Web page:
taken by a snow storm, in which he lost most of his animals, in 
cluding a noted bob-tailed race-horse. His Canadian followers, in 
compliment to their chief, or " bourgeois," named the place the 
Pass of the Siskiyou, an appellation subsequently adopted as the 
veritable Indian name of the locality, and which thence extended 
to the whole range, and the adjoining district. 

Sit'-kum, n., adj. Chinook, SITKUM (Anderson) ; Clatsop, ASITKO. 
A half; apart. Sitkum dolla, half a dollar; sitkum sun, noon; 
tenas sitkum, a quarter, or a small part. 

Sit'-lay, or Sit'-li-ay, n. French, LES ETRIERS. (Anderson.) 

Sit'-shum, v. Chihalis, idem. To swim. 

Si'-wash, n., adj. French, SAUVAGE. An Indian; Indian. 

Skin, n. English, idem. Skin. Skin shoes, moccasins ; stick skin, 
the bark of a tree. 

Skoo'-kum, or Skoo-koom , n., adj. Chihalis, SKUKCM. A 
r/host; an evil sjririt or demon; strong. Skookum tumtum, brave ; 
skookum chuck, a rapid. 

Skwak'-wal, n. Chinook, SKAKULH (Anderson); Clatsop, SKA- 
KOLI. A lamprey eel. Of local use only. 

Skwis'-kwis, n. Chinook, Cathlamet dialect. A squirrel. 


Sla-hal , n. Chinook, ETLALTLAL. A game played with ten small 
disks, one of which is marked. 

Smet'-ocks, n. Chihalis, SMETTAKS. The large clam (Lutraria). 
Used only at the mouth of the Columbia river. 

Smoke, ft. English, idem. Smoke; clouds ; fog ; steam,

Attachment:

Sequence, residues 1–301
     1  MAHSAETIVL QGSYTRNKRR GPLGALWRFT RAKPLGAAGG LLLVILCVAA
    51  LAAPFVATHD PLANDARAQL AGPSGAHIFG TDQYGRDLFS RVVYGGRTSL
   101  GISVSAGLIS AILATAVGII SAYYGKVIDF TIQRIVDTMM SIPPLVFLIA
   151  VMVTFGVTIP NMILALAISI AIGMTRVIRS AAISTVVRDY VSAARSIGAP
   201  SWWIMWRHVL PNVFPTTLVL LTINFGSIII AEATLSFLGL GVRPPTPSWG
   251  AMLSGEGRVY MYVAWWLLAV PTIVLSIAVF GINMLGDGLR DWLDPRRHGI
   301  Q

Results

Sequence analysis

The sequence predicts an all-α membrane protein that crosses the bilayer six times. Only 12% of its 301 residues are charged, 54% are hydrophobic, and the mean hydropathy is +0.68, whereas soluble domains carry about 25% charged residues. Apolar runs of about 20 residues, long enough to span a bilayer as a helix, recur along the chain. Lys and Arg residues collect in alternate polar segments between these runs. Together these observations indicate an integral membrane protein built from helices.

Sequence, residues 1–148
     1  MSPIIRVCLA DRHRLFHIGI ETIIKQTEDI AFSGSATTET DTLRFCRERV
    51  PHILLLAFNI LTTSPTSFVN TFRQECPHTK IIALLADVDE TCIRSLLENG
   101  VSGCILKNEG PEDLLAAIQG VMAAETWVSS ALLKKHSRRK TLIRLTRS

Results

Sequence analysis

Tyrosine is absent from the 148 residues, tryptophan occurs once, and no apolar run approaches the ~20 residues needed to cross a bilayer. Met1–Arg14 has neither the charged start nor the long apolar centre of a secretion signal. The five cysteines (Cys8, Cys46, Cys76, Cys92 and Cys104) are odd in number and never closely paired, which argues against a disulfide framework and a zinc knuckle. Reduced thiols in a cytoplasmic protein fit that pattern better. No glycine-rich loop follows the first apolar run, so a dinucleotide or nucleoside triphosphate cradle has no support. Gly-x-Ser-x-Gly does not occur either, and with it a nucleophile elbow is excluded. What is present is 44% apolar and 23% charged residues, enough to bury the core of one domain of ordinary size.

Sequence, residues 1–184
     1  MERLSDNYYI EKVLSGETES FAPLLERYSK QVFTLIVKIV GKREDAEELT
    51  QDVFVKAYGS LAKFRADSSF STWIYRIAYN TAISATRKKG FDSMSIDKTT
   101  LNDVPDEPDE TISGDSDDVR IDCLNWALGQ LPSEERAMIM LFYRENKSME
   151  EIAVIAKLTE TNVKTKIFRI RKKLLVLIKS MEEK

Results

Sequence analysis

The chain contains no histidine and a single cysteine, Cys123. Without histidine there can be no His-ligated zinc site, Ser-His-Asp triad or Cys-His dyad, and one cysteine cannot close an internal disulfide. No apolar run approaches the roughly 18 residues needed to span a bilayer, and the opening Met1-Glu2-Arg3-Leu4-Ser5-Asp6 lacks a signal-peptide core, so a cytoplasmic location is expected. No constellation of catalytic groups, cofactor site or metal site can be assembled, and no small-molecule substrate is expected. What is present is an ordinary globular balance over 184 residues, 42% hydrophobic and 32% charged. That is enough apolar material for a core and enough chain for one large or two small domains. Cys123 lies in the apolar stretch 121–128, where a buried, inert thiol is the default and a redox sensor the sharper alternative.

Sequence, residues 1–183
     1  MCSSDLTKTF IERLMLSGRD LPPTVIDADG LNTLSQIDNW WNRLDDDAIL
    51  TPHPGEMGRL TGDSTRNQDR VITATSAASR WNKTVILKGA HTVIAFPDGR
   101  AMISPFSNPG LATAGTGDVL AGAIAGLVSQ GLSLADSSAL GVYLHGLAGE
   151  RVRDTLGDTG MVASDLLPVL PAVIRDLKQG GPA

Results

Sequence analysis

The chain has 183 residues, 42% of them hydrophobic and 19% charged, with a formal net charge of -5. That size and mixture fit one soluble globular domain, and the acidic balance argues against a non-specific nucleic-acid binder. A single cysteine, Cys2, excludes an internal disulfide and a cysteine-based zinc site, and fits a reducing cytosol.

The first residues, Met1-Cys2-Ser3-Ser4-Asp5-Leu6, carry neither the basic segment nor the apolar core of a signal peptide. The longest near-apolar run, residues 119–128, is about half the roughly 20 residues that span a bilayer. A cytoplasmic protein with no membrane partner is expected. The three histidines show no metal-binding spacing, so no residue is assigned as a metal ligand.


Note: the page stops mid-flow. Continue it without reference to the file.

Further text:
Snass, n. Quaere u. d. Rain. Cole snass, snow. The word is 
neither Chinook nor Chihalis, and is perhaps manufactured. 

Snow, n. English, idem. Snoio. 

Soap, n. English, idem. Soap. 

So-le'-xnie, n. Chinook, SULAMICH (Anderson); Clatsop, SHOLBK. 
The cranberry. 

Sol'-leks, or Sah'-leks, n., adj. Quaere u. d. Anger ; angry. 
Mamook solleks, to fight; tikegh solleks, to be hostile; kumtuks 
solleks, to be passionate. 

So'-pe-na, v. Chinook, T'SOPENA. To jump; to leap. 

Spo'-oh, or Spo'-eh, adj. Chinook, idem. Faded; any light 
color, as pale blue, drab, &c. Chahko spoeh, to fade. 

Spoon, n. English, idem. A spoon. 

Spose, cow/. English, SUPPOSE. If; supposing; provided that; in 
order that. Spose mika nanitsh nika canim, if you see my canoe ; 
spose nika klatawa kopa Chinook, if or when I go to Chinook; 
kahkwa spose, as if. See KLOSHE SPOSE. 

Stick, w., adj. English, idem. A stick; a tree; wood; wooden. 
Stick skin, bark; ship stick, a mast; mitwhit stick, a standing 
tree; icht stick, a yard measure; stick shoes, leather shoes or boots, 
as distinguished from skin shoes or moccasins; kull stick, oak (hard 
wood) ; isick stick, the ash (paddle wood). 

Stock'-en, n. English. Stockings or socks. 

Stoh, adj. Chinook, idem. Loose. Mamook stoh, to untie; un 
loose ; undo. Metaphorically, to absolve. 

Stone, n. English, idem. A rock or stone; bone ; horn; the testi 
cles. Stone kiuatan, a stallion ; mahsh stone, to castrate. 

Stote'-kin, adj. Chinook, STOKTKIN. Eight. 

Stutch'-un, n. English, STURGEON. The sturgeon. 

Suk-wal'-al, n. Chinook (Hale) ; Clatsop, SHUKWALALA, a gun or 
musket. No longer used in Jargon. 

Sun, . English, idem. The sun; a day. Tenas sun, early ; sit- 
kum sun, noon; klip sun, sunset. 

Sun'-day, n. English, idem. Sunday. Icht Sunday, a week; hyas 
sunday, a holiday. A flag hoisted on a particular occasion is 
sometimes also called Sunday. The other days of the week are 


usually counted from this ; as, icht, mokst, klone sun kopet San- 
day, one, two, or three days after Sunday. Saturday used to bo 
called at the Hudson's Bay Company's posts " muckamuck sun," 
food day, as the one on which the rations were issued. 


Tagh'-um, To'-hum, or Tugh'-um, adj. Chinook, TAKHUM; 

Cowlitz, TUKHCM ; Kwantleu, TUKHUM' ; Selish, TAKKAN. Six. 
Tahl-kie, or Tahnl-kie, adv. Chinook, TANLKI. Yesterday.